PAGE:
Italy will host the 2026 Olympics in Milan and Cortina d'Ampezzo, taking the Winter Games to the Alpine country for the second time in 20 years.
International Olympic Committee members voted for the long-favored Milan-Cortina bid over Stockholm-Are from Sweden that also included a bobsled track in Latvia.
Milan-Cortina's jubilant delegation broke into chants of "Italia! Italia!" when the result was announced.
Italy last hosted in Turin in 2006, and the Alpine ski resort Cortina previously hosted the Winter Games in 1956.
Sweden's spirited late campaign effort was in vain, including the mayor of Stockholm appealing to voters from the stage by singing a lyric from Abba song 'Dancing Queen'.
A sign of simmering Swedish frustration came minutes later when IOC board member Gunilla Lindberg pushed the limit of Olympic diplomacy ending her team's 30-minute presentation.
Lindberg challenged her colleagues to reward a new kind of creative, cost-effective bid the IOC has said it wanted — "Or is it just talk?"
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Instead, IOC members picked Italy despite a debt-hit economy which faces increasing European Union scrutiny.
"We submit with full confidence to your judgment," Italian Prime Minister Giuseppe Conte told voters.
Both candidates would likely have failed to get this far in previous Olympic bidding contests.
The IOC has relaxed previously strict rules that demanded financial guarantees and government support earlier in the process.
It was an attempt to revive Winter Games bidding with just two candidates on the ballot paper for the second straight time, since Russia spent $51 billion on venues and infrastructure for the 2014 Sochi Olympics.
Now, the IOC seeks to avoid costly new venues — and potential white elephants — while encouraging regions and multi-nation bids to share the load. Hence, Sweden teamed with Latvia, across the Baltic Sea, rather than build its ice sliding sports venue.
"We have budget problems in Italy but I think that this is something that everyone has," Italy Undersecretary of State Giancarlo Giorgetti said at an earlier news conference, citing the wealth of the Lombardy and Veneto provinces underwriting the games costs.
"They are two of the richest provinces in Europe," Giorgetti said. "They certainly have the capacity, they have the readiness, they have the finances in order to be able to support the event."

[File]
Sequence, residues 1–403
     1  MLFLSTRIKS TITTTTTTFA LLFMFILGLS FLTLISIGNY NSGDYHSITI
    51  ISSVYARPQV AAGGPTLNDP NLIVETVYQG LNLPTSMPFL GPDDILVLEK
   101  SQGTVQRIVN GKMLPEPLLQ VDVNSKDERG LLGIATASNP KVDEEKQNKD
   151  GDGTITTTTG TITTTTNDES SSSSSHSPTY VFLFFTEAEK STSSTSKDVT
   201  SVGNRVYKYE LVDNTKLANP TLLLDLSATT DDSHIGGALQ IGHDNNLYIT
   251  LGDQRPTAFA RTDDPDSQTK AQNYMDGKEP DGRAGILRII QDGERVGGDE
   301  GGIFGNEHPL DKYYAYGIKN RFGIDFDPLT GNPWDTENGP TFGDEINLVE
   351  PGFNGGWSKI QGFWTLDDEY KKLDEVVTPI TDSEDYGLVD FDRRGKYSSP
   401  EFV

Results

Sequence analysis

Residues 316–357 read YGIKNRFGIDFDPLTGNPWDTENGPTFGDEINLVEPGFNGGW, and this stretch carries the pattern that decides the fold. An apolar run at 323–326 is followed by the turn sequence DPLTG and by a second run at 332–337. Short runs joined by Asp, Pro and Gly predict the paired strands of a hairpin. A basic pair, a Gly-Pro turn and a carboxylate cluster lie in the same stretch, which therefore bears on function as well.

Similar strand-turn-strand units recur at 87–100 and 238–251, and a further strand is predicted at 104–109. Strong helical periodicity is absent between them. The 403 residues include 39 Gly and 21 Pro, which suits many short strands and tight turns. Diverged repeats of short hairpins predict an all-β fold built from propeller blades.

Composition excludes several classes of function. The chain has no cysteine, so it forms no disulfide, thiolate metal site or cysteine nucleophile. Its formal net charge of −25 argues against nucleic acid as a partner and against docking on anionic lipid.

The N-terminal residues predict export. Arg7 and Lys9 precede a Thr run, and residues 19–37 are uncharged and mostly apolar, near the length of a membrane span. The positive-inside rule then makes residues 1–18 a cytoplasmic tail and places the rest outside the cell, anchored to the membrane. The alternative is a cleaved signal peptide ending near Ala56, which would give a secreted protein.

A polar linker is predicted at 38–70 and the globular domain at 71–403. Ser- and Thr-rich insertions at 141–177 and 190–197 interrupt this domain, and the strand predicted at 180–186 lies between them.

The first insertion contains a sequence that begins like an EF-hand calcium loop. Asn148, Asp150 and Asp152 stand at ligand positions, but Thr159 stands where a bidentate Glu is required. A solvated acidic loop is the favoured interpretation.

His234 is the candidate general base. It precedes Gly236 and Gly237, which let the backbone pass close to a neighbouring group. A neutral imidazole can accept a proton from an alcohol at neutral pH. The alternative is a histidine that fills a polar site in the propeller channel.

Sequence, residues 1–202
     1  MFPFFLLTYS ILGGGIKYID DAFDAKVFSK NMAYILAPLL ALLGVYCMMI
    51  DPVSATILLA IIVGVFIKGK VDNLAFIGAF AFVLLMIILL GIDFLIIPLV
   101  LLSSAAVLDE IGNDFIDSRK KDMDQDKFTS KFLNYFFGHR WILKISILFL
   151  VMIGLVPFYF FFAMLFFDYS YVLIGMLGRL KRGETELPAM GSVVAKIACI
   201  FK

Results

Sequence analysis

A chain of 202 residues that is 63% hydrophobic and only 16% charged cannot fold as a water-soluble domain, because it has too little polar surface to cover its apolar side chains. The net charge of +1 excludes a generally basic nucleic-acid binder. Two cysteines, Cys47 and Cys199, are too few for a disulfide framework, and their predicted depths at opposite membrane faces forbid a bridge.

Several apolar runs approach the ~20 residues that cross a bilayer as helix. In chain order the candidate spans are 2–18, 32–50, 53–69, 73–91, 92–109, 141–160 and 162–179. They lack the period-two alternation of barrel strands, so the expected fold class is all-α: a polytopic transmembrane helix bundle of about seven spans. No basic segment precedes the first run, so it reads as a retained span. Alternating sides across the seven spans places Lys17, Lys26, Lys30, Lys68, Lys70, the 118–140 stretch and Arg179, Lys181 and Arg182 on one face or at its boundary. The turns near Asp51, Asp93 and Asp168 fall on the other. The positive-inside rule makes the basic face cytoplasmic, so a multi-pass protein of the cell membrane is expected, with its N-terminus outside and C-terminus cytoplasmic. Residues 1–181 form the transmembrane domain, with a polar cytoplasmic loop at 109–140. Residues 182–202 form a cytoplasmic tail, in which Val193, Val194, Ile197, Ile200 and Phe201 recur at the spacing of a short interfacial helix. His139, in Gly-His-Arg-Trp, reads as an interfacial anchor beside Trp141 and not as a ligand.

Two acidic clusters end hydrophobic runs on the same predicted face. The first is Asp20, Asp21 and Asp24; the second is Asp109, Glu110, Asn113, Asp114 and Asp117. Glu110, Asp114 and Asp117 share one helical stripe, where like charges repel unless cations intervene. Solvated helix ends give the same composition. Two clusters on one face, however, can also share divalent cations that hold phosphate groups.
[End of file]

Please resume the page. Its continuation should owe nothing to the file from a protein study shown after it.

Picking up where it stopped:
The IOC will contribute at least $925 million toward Italy's games operating costs of up to $1.7 billion. Building athlete villages in Milan and Stockholm shaped as the main capital investment and most uncertain ventures in the projects.
Last week, the IOC flagged Stockholm's village as a risk, and asked for more details of guarantees underwriting the project.
"A letter of intent is as important to us as any contract," Volvo chairman Carl-Henric Svanberg said in the formal presentation, in what seemed a rebuke to the Olympic body.
The day-long meetings began with each bid in closed-door sessions with IOC members. The Swedish bid was challenged to prove its support from a Stockholm city authority coalition formed last October and a national government only five months ago.
Sweden Prime Minister Stefan Lofven said he assured voters "it's in the Swedish model, it's in our DNA" to deliver a stable Winter Games.
Still, a big plus for the Italian bid — uniting Milan, the Alpine ski resort of Cortina d'Ampezzo, and several towns in between — was the IOC's own polling. It found support from local residents around 85% compared to 60% in Sweden.
The 2026 contest meets the IOC President Thomas Bach's long-stated wish to return to traditional heartlands for winter sports after major construction projects from 2014-2022 in Russia, South Korea, and China.
The signature Swedish feature using the ice sliding sports track in Sigulda, Latvia, that meets the IOC's demand to use established sports venues.
The IOC has praised both candidates for projecting sports budgets "on average 20% lower" than spending on the 2018 Pyeongchang Olympics and 2022 Beijing Olympics.
During the traditionally slick and emotional pleas to be awarded the games, Stockholm mayor Anna Konig Jerlmyr reminded voters of Sweden's most famous music act.
"Abba is everywhere," she said, before singing the lyric: "You can dance, you can dance, having the time of your life."
With more gravitas, Nobel Foundation executive director Lars Heikenstein spoke of Olympic values being an inspiration. Olympic leaders have long coveted a Nobel Peace Prize for the organization.
Sweden's heir to the throne, Crown Princess Victoria, joined a 100-plus delegation at the Swisstech convention center though did not take part on stage.
Italy's bid was livened by two Olympic champions, downhill skier Sofia Goggia and snowboarder Michela Moioli, doing a dab gesture and talking of their hopes to compete on home snow in almost seven years' time.
Sweden's wait for a first Winter Games goes on.